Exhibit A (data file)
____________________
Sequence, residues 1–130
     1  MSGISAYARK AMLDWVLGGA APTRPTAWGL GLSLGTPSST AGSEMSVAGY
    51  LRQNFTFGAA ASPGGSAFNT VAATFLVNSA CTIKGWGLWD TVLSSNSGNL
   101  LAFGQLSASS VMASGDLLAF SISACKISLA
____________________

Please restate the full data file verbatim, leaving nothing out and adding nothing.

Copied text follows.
Sequence, residues 1–130
     1  MSGISAYARK AMLDWVLGGA APTRPTAWGL GLSLGTPSST AGSEMSVAGY
    51  LRQNFTFGAA ASPGGSAFNT VAATFLVNSA CTIKGWGLWD TVLSSNSGNL
   101  LAFGQLSASS VMASGDLLAF SISACKISLA